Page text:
ISBN: 9004463321
Category : History
Languages : en
Pages : 284
Book Description
This is a book about Roman comedy, ancient theatre imagery, and seven medieval illustrated manuscripts of Terence’s six Latin comedies. These manuscript illustrations, made between 800 and 1200, enabled their medieval readers to view these comedies as “mirrors of life”.

Excommunication in Thirteenth-Century England

Excommunication in Thirteenth-Century England PDF Author: Felicity Hill
Publisher: Oxford University Press
ISBN: 0192576747
Category : History
Languages : en
Pages : 272
Book Description
Excommunication was the medieval churchs most severe sanction, used against people at all levels of society. It was a spiritual, social, and legal penalty. Excommunication in Thirteenth-Century England offers a fresh perspective on medieval excommunication by taking a multi-dimensional approach to discussion of the sanction. Using England as a case study, Felicity Hill analyzes the intentions behind excommunication; how it was perceived and received, at both national and local level; the effects it had upon individuals and society. The study is structured thematically to argue that our understanding of excommunication should be shaped by how it was received within the community as well as the intentions of canon law and clerics. Challenging past assumptions about the inefficacy of excommunication, Hill argues that the sanction remained a useful weapon for the clerical elite: bringing into dialogue a wide range of source material allows effectiveness to be judged within a broader context. The complexity of political communication and action are revealed through public, conflicting, accepted and rejected excommunications. Excommunication could be manipulated to great effect in political conflicts and was an important means by which political events were communicated down the social strata of medieval society. Through its exploration of excommunication, the book reveals much about medieval cursing, pastoral care, fears about the afterlife, social ostracism, shame and reputation, and mass communication.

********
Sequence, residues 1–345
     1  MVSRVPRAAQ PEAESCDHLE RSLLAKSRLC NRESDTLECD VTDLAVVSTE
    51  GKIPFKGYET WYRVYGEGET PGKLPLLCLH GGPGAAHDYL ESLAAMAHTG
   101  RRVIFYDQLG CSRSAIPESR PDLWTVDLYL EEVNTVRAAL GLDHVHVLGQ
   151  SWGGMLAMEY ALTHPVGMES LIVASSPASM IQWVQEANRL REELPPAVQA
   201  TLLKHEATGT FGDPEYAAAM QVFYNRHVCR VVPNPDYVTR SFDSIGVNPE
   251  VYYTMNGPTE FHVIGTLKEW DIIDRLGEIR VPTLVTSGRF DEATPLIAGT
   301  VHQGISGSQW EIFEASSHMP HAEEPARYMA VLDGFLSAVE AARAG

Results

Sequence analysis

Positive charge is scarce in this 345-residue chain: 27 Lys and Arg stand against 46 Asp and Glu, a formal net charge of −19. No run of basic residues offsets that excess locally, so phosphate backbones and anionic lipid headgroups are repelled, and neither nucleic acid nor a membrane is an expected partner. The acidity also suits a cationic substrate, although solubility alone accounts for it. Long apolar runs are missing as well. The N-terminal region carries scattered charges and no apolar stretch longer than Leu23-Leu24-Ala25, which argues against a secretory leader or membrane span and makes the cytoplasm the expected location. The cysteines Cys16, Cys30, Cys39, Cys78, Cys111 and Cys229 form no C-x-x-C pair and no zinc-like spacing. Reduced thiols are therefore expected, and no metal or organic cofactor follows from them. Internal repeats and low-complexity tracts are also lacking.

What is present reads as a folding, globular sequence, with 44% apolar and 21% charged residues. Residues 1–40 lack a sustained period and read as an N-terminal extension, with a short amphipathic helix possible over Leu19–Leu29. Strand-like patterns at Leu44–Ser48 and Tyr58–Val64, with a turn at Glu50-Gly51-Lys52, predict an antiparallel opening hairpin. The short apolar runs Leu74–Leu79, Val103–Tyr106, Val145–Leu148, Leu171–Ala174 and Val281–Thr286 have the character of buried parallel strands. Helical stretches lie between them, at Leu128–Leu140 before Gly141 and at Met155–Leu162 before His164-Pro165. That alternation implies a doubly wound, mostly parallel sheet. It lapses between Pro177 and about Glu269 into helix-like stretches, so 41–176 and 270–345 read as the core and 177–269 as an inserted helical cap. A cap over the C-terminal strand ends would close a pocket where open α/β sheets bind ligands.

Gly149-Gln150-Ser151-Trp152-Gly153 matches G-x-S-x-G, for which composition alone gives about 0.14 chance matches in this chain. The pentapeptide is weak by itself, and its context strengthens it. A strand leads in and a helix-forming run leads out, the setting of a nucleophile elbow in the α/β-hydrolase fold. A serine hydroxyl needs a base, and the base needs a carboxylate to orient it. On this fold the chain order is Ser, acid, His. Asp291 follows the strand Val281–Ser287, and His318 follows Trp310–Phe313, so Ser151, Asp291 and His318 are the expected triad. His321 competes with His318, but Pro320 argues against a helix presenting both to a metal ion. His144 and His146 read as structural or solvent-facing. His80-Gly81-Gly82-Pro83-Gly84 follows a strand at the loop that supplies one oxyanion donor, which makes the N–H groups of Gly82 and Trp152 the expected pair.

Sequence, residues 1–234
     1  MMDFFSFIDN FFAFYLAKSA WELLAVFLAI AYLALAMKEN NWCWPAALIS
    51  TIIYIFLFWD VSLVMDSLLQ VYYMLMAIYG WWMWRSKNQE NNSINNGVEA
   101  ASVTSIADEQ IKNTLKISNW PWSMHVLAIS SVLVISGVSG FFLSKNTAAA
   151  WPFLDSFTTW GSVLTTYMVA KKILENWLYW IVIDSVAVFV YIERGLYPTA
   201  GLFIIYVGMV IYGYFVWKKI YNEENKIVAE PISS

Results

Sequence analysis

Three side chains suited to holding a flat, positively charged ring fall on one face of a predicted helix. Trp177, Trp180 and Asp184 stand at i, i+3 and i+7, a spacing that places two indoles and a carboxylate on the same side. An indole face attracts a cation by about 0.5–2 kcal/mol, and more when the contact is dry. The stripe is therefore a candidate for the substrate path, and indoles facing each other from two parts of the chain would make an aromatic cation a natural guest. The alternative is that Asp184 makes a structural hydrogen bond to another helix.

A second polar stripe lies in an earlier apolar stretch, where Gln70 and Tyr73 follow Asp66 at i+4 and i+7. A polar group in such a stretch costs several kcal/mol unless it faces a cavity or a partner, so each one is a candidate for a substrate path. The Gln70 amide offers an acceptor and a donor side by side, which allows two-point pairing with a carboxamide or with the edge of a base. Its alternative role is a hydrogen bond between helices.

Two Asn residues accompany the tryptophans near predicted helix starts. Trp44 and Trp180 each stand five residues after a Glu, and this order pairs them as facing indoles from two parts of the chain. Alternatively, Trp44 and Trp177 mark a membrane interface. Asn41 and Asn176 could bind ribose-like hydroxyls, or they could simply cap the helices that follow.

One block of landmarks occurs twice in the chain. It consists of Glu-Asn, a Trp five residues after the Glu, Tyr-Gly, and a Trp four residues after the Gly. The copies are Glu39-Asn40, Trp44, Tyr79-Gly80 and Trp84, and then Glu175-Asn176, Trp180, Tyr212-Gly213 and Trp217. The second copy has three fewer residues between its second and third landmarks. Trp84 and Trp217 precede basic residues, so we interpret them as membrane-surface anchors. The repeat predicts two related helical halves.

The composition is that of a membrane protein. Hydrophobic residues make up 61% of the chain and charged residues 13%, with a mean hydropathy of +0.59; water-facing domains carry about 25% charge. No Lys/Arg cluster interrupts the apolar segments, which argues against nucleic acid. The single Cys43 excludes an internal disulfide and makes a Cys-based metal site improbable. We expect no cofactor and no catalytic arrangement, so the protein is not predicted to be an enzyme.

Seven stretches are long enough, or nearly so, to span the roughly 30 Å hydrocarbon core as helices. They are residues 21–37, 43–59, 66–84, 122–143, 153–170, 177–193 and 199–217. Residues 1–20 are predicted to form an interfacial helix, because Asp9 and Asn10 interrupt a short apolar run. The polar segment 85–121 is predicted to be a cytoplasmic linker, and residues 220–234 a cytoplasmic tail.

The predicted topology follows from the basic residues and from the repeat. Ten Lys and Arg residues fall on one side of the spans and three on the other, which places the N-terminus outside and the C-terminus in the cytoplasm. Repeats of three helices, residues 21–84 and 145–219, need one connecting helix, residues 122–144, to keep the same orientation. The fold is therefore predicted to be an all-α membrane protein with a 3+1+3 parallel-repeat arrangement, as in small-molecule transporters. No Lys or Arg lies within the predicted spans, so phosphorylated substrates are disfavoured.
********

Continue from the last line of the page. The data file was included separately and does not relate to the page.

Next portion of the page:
Heresy and Dissent in the Carolingian Empire

Heresy and Dissent in the Carolingian Empire PDF Author: Matthew Bryan Gillis
Publisher: Oxford University Press
ISBN: 0192518283
Category : History
Languages : en
Pages : 336
Book Description
Heresy and Dissent in the Carolingian Empire recounts the history of an exceptional ninth-century religious outlaw, Gottschalk of Orbais. Frankish Christianity required obedience to ecclesiastical superiors, voluntary participation in reform, and the belief that salvation was possible for all baptized believers. Yet Gottschalk-a mere priest-developed a controversial, Augustinian-based theology of predestination, claiming that only divine election through grace enabled eternal life. Gottschalk preached to Christians within the Frankish empire-including bishops-and non-Christians beyond its borders, scandalously demanding they confess his doctrine or be revealed as wicked reprobates. Even after his condemnations for heresy in the late 840s, Gottschalk continued his activities from prison thanks to monks who smuggled his pamphlets to a subterranean community of supporters. This study reconstructs the career of the Carolingian Empire's foremost religious dissenter in order to imagine that empire from the perspective of someone who worked to subvert its most fundamental beliefs. Examining the surviving evidence (including his own writings), Matthew Gillis analyzes Gottschalk's literary and spiritual self-representations, his modes of argument, his prophetic claims to martyrdom and miraculous powers, and his shocking defiance to bishops as strategies for influencing contemporaries in changing political circumstances. In the larger history of medieval heresy and dissent, Gottschalk's case reveals how the Carolingian Empire preserved order within the church through coercive reform. The hierarchy compelled Christians to accept correction of perceived sins and errors, while punishing as sources of spiritual corruption those rare dissenters who resisted its authority.